Financial Services Authority chairman Adair Turner recently
voiced one of the more intriguing ideas to prevent future economic collapse on
the scale we’ve suffered in the past couple of years. ‘Systematically important
businesses’ in the regulator’s case, large banks, brokers, insurers and the
like would write their own ‘living will’, a plan that would govern the way a
business is broken up and the assets managed in the event of its demise.
“Living wills will be a forcing device for the clarification and
simplification of legal structures,” Turner told the Financial Times.
“In the past, authorities around the world have tended to be tolerant of the
proliferation of complex legal structures designed to maximise regulatory and
tax arbitrage. Now we may have to demand clarity of legal structure.”
How it works
The FSA has been characteristically mute on Turner’s suggestion, leaving
observers to speculate on how exactly the plans would work. The best guesses so
far suggest that companies would need to outline what exactly they would do
should they no longer fulfil going concern requirements: which businesses they
would sell and how they would handle creditors. The plan could also require them
to demonstrate how redundancies would be handled, which directors would stay on
to oversee the wind-down, which assets and entities would be disposed of and
how. It is a good idea for all companies to consider as a point of best practice
or responsible business in the current business climate.
Having worked closely with an FSA-regulated company recently on creating such
a plan, Mark Kelly, a senior manager in the Business Risk Services group at
Grant Thornton, is one of the few people to have any practical experience in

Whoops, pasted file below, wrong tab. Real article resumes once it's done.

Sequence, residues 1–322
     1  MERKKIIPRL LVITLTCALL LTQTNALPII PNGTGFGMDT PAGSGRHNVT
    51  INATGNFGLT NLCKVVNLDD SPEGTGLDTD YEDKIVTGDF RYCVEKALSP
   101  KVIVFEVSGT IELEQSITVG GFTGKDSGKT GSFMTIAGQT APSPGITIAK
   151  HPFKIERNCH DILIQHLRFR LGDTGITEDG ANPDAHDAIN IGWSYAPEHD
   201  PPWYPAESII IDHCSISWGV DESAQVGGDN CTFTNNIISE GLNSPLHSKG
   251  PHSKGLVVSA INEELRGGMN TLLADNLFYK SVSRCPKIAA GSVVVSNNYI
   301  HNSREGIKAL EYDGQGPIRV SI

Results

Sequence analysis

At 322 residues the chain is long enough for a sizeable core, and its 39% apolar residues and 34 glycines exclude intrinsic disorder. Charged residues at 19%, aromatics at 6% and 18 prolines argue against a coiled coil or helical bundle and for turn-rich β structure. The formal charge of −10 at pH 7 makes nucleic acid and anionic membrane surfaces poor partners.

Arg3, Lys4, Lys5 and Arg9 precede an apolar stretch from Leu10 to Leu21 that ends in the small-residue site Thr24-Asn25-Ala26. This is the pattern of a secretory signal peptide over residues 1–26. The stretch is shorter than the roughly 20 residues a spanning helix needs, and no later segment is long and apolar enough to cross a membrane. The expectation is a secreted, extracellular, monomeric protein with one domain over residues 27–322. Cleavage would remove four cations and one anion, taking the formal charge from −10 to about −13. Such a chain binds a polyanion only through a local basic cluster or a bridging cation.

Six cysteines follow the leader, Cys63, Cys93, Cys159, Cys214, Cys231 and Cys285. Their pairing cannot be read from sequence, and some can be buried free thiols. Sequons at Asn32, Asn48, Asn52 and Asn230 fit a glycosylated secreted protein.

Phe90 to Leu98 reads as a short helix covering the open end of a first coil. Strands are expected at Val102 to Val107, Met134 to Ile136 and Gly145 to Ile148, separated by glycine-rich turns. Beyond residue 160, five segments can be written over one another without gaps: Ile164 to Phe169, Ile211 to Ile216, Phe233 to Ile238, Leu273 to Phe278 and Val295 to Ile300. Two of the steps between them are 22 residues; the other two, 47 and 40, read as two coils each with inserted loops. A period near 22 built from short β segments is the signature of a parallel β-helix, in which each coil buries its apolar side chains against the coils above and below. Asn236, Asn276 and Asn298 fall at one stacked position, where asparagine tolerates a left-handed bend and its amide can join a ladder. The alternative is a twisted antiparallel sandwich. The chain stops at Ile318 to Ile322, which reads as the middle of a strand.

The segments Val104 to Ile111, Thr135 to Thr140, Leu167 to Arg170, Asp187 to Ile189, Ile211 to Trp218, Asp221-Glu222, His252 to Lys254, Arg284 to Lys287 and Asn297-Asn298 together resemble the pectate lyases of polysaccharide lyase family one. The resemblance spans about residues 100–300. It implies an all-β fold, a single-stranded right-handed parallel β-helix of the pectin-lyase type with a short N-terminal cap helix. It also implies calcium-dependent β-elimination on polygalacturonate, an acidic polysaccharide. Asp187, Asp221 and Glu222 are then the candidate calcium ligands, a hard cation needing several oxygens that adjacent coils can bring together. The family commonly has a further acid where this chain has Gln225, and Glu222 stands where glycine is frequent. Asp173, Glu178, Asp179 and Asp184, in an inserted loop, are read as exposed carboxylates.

this field. “The business was a little shaky to begin so the regulator took the
unusual step of intervening and asking directors to come up with a coherent
wind-down plan that detailed exactly what would happen in the event of a
collapse,” he explains.
“The FSA told them to cover a lot of things how [the plan] should be
written, how to return money to stakeholders,” says Kelly. “They put together a
plan covering everything you need to know about closing down, from the need to
organise creditors to turning the lights off and closing the doors.”
Kelly says the business he worked with managed to put a plan together in a
matter of weeks. “I’ve seen and reviewed the plan they came up with and it was
almost like a business start-up plan in reverse unpicking the supplier
relationships, looking at the staffing issues. A big factor was letting staff go
at the right time.”
Alongside that, companies would need to produce a coherent legal framework of
its subsidiary companies and explain what would happen to each one in a
wind-down. Considering HSBC has around 2,000 of these, as an example, it’s easy
to see why the FSA deems this plan to be necessary.
So, how does it work?
So how exactly would such a plan work? “There’s a timeline here imposed on you,
principally by the contracts you’ve taken out on premises and suppliers and
infrastructure and so on,” says Kelly. “So take the longest of those, assume
you’ll have to pay until the end and it will give you the end point of the
critical path. Also, the company had to ensure that it kept key people locked in
the people you need to wind things down properly. So one of the principle
things in the HR area was getting the right bonus structures in place for key
staff to keep them engaged until the end.”
The FSA currently demands regulated firms have adequate control and
compliance coverage anyway, so it’s unlikely they would want to see companies
appointing new people in those areas for the wind-down period, raising the
question of how to secure the services of the compliance officer and the CFO
until the end.
“We’re starting from a complicated landscape,” says one London-based lawyer
who works with banks on their risk profiles. “A lot of the important
international firms have got to a state of such complexity, either organically
or through acquisition, that trying to move a position where we could get to an
orderly wind-down will take quite some time.”
Meanwhile, some observers have suggested the FSA could use compliance with
any ‘living will’ directive to drive capital adequacy requirements, or even
block acquisitions. And alongside that is the question of cost.
It would certainly be a costly exercise for a large bank or another large
organisation to come up with a meaningful plan, especially with businesses and
their markets changing rapidly. But they do say a stitch in time saves nine.